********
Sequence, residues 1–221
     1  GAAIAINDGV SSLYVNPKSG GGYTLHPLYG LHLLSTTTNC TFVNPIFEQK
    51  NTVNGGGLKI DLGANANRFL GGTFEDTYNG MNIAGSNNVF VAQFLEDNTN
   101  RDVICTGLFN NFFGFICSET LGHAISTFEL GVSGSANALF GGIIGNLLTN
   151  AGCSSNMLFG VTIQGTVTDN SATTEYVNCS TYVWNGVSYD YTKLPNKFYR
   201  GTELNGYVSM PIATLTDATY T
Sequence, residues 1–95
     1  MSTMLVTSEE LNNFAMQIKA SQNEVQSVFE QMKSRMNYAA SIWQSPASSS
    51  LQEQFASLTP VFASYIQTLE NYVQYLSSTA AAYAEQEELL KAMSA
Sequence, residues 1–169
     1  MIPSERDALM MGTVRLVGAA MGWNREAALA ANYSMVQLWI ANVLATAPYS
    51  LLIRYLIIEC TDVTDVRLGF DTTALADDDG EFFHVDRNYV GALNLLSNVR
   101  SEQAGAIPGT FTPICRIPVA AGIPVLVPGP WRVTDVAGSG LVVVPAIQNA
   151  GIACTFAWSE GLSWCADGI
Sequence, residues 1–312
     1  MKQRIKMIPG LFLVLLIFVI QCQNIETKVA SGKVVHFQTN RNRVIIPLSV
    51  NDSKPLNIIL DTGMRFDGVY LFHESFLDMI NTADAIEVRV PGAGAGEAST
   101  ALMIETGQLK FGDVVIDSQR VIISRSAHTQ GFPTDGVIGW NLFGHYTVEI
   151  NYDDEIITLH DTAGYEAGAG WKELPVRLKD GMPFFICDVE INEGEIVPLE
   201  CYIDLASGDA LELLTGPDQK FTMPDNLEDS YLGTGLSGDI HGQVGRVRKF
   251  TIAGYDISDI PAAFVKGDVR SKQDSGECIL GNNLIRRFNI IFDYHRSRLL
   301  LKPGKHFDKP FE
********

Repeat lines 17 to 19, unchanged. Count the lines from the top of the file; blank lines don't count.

    51  NDSKPLNIIL DTGMRFDGVY LFHESFLDMI NTADAIEVRV PGAGAGEAST
   101  ALMIETGQLK FGDVVIDSQR VIISRSAHTQ GFPTDGVIGW NLFGHYTVEI
   151  NYDDEIITLH DTAGYEAGAG WKELPVRLKD GMPFFICDVE INEGEIVPLE